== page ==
Published on:

Class Action Defense Cases–Proctor v. Metropolitan Money Store: Maryland Federal Court Denies Defense Motion To Dismiss Class Action Claims But Grants Plaintiffs’ Motion To Dismiss Counterclaims And Certifies Class Action

Class Action Complaint Adequately Pleaded Claims Against Individual Defendants Arising out of Alleged “Mortgage Foreclosure Rescue Scam” but Defendants’ Counterclaims for Fraud were Barred by Doctrine of Res Judicata Maryland Federal Court Holds

Plaintiffs filed a putative class action against Metropolitan Money Store and others alleging that they were “involved in a mortgage foreclosure rescue scam”; specifically, the class action complaint alleged that plaintiffs were “homeowners with substantial equity in their homes, but who were nevertheless facing foreclosure” which “made them targets of Defendants’ promise of credit repair and foreclosure avoidance, which, in actuality, involved fraudulent representations and transactions designed to siphon off the equity in the homeowners’ homes, thus leaving them in a far worse position than before.” Proctor v. Metropolitan Money Store, 645 F.Supp.2d 464 (D.Md. 2009) [Slip Opn., at 1]. Eventually, plaintiffs filed a second amended class action complaint and renewed their motion for class action certification. Id., at 1-2. The class action complaint at issue alleged fraud, RICO, RESPA, Maryland’s PHIFA, and gross negligence. Id., at 2-3. Defendants opposed class action treatment, and defense attorneys for two of the individual defendants again moved to dismiss the class action complaint and filed counterclaims against plaintiffs for “fraud, fraudulent concealment, negligent misrepresentation, fraudulent misrepresentation, and civil conspiracy to commit mortgage fraud.” Id., at 2. Plaintiffs moved to dismiss the counterclaims against them. Id. The district court denied class action treatment and plaintiffs appealed. Id. The district court granted plaintiffs’ motion for class certification but did not discuss its reasoning in the order discussed by this article. See id., at 37. With respect to the motions to dismiss, the federal court denied defendants’ motion to dismiss the class action claims against them, but granted plaintiffs’ motion to strike defendants’ counterclaims.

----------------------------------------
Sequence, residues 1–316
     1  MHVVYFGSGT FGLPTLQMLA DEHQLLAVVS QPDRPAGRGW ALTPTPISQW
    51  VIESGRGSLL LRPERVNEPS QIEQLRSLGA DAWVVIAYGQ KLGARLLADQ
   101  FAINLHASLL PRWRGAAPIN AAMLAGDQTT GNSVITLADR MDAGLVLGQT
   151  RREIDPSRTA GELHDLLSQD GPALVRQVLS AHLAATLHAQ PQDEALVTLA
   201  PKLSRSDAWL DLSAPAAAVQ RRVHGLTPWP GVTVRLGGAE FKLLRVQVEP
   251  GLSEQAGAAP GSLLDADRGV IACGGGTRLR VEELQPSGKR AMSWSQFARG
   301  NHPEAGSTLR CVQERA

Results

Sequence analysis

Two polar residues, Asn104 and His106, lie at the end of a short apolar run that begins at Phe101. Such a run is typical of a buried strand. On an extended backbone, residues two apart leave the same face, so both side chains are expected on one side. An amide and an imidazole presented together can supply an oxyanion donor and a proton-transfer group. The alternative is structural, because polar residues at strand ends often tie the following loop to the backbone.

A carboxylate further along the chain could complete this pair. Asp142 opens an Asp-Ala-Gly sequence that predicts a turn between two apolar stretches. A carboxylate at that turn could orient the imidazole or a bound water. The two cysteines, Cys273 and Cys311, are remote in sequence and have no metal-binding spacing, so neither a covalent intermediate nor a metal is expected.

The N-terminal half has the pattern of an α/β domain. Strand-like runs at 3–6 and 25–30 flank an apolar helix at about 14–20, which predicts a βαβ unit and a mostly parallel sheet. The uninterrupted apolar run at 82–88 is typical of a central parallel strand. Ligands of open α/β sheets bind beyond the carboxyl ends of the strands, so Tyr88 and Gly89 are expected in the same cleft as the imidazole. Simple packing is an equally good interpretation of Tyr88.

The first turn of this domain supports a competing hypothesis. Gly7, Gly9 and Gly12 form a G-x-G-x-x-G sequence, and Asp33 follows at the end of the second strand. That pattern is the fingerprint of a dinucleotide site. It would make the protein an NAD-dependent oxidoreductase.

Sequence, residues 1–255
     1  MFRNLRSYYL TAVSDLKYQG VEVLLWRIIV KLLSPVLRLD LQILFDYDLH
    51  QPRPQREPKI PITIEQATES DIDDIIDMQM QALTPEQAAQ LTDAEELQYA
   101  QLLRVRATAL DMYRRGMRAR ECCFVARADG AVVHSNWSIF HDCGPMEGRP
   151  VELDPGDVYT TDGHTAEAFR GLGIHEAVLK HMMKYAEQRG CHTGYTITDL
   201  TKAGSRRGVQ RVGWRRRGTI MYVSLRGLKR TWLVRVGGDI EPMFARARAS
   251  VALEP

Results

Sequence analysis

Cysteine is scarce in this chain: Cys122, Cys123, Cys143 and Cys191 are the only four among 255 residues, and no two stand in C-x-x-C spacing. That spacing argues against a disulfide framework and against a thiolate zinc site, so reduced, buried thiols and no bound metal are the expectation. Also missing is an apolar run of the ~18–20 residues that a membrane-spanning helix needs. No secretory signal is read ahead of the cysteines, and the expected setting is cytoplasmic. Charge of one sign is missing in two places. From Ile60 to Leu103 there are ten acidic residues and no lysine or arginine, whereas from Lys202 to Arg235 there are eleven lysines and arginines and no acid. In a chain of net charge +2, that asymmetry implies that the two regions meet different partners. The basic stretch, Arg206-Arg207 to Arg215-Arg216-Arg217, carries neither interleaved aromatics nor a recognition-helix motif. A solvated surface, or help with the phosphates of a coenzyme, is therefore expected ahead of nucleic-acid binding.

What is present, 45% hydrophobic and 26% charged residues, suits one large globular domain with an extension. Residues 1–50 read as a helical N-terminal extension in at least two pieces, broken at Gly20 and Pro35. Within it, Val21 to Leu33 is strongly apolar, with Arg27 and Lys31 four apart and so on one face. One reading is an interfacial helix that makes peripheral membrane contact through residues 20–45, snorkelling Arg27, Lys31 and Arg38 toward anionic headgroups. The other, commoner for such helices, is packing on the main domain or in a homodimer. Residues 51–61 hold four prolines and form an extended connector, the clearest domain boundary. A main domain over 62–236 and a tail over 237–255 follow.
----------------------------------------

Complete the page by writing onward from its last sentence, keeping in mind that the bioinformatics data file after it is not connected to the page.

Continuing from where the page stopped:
We do not here focus on the district court’s analysis of the class action claims against the individual defendants. See Proctor, at 4-. For our purposes, it is sufficient to note that the federal court found the class action complaint pleaded fraud with the requisite particularity, see id., at 4-10, that it adequately pleaded causes of action for RICO violations, see id., at 11-23, that it adequately pleaded violations of RESPA, see id., at 24-28, and the PHIFA, see id., at 28-32, and that it adequately pleaded a claim for gross negligence, see id., at 32-34. We focus instead on defendants’ counterclaims against plaintiffs. It is important to note that the federal court dismissed the counterclaims on the ground that they were barred by the doctrine of res judicata. See id., at 35-37. Specifically, defendants had “filed a lawsuit against [plaintiffs’] attorneys arising from the transactions that form the basis of this litigation in the Circuit Court for Montgomery County on June 18, 2008 for the same or substantially similar claim[s] they now assert against the Plaintiffs.” Id., at 35. And while plaintiffs technically were not parties to that action, they were in privity with their attorneys and defendants “received a full and fair opportunity in state court to present their claims,” id., at 35-36. Defendants were now seeking to relitigate those claims, id., at 36-37, which resulted in a final judgment on the merits adverse to defendants, id., at 37. Accordingly, the district court granted plaintiffs’ motion to dismiss the counterclaims, finding them barred by the doctrine of res judicata. Id., at 37.

Download PDF file of Proctor v. Metropolitan Money Store